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New Cases of Interest - July 7, 2010
Simpson Strong-Tie Company, Inc. v. Gore (2010) 49 Cal.4th 12. This is a SLAPP case. A manufacturer sued a lawyer, asserting defamation-related claims arising from a newspaper advertisement directed at the owners of wood decks which were constructed with the manufacturer’s galvanized steel fasteners. The advertisement on behalf of the lawyer was a solicitation for legal business. A SLAPP motion was granted, and upheld by the Supreme Court. In so holding the Court held that the burden of proof as to the applicability of the commercial speech exemption was on the manufacturer as to whether its claims arose from misrepresentations of fact about business operations. The Court found that the causes of action in the complaint arising from the alleged misrepresentation fell outside the exemption for commercial speech.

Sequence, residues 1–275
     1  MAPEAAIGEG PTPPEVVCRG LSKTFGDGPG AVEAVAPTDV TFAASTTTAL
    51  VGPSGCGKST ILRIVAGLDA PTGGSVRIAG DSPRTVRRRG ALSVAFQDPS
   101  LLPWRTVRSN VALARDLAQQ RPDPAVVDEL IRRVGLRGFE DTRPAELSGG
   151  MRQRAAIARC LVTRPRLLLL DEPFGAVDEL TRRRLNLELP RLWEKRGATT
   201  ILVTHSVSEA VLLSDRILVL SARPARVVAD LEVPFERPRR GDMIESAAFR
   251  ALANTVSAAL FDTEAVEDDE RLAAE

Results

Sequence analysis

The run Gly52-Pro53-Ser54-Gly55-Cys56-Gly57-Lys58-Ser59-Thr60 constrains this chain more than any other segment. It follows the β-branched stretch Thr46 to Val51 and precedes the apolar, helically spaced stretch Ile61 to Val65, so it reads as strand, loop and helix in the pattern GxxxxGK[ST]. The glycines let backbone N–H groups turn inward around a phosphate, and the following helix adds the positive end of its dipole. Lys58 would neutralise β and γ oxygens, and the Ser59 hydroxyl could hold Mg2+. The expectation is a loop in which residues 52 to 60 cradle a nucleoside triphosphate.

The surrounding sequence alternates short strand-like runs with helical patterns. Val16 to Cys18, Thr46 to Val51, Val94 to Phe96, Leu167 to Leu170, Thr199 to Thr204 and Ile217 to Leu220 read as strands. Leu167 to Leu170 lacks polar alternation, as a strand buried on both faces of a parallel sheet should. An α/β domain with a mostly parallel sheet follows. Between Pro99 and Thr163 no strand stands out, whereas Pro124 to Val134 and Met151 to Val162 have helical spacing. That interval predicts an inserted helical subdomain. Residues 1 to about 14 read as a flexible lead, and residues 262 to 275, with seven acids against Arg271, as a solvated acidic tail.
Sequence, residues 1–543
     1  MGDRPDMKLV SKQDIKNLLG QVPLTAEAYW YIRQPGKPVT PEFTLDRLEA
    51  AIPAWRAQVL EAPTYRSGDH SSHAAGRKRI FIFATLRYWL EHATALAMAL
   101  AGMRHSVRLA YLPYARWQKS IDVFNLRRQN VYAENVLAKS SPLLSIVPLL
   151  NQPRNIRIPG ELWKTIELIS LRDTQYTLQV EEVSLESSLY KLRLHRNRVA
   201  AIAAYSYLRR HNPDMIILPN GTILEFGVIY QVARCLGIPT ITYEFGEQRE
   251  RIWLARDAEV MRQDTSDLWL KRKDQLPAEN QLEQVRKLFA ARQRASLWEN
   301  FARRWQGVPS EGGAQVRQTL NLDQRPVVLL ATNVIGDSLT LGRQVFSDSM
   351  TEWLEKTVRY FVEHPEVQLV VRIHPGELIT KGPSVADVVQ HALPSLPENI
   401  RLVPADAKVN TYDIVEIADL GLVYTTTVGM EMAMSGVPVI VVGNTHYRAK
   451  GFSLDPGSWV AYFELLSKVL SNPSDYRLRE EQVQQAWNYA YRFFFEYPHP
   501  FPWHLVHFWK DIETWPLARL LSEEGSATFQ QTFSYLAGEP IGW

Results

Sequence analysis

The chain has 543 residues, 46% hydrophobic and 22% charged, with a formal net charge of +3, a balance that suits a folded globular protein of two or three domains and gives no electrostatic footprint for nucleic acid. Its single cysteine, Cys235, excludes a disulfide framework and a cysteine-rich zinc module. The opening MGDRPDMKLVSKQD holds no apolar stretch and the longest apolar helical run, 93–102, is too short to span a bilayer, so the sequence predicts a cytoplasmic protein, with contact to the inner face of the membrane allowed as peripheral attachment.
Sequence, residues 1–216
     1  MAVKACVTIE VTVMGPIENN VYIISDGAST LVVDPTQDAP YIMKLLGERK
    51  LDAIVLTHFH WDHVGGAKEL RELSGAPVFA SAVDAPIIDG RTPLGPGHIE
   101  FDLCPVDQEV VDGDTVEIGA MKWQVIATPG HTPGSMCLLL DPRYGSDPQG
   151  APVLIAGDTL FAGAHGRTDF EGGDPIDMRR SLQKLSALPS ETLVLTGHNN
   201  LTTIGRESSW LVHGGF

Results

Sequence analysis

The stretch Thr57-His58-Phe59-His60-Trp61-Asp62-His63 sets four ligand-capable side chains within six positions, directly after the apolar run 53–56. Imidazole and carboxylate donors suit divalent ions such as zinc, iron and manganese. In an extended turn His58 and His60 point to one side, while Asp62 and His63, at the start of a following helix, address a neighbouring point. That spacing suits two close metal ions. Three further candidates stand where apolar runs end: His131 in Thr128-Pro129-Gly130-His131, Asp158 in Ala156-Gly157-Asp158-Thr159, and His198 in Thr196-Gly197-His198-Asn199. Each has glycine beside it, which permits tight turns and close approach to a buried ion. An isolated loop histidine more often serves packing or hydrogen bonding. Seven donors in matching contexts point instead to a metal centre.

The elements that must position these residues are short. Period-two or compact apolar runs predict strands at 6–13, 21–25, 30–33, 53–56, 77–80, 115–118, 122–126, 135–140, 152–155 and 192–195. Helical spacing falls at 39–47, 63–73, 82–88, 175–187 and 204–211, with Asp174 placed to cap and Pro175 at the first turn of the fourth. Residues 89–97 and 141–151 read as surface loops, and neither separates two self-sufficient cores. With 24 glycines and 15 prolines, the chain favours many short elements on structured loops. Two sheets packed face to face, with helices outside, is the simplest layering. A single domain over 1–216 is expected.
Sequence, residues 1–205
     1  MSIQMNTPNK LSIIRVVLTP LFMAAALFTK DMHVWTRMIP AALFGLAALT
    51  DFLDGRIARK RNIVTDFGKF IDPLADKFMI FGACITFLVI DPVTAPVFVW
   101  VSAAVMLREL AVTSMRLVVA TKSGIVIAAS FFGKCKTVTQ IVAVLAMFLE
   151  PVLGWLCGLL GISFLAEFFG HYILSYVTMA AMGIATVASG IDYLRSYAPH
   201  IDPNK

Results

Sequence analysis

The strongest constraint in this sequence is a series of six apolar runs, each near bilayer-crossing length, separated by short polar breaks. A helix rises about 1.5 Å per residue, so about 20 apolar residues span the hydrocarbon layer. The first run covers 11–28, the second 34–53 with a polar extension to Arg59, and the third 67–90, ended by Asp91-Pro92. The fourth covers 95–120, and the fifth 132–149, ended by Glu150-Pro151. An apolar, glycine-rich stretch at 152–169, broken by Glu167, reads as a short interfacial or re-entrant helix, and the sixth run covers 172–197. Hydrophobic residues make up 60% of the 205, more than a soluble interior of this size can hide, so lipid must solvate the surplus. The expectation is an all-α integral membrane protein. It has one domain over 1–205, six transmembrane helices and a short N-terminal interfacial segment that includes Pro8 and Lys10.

Gino Commercial Bank v. Peters (2010) 184 Cal.App.4th 1333. A corporation received checks from a foreign bank account and deposited them and then authorized a payout of $468,000. It turned out that the checks which had been deposited all bounced and had been altered. The customer had been the victim of an e-mail scam. The bank sought to recover the overdraft that resulted from honoring checks written on the corporation’s account and sought a right to attach order. The right to attach order was upheld, with the court concluding that under Commercial Code §3406(c) the corporation had the burden of proving that the bank had acted negligently and failed to do so. The bank had acted in good faith and paid an instrument that it took for value or collection. The corporation had failed to exercise ordinary care in accepting and tendering the check for payment. There was no evidence that the bank had actually violated prevailing commercial standards.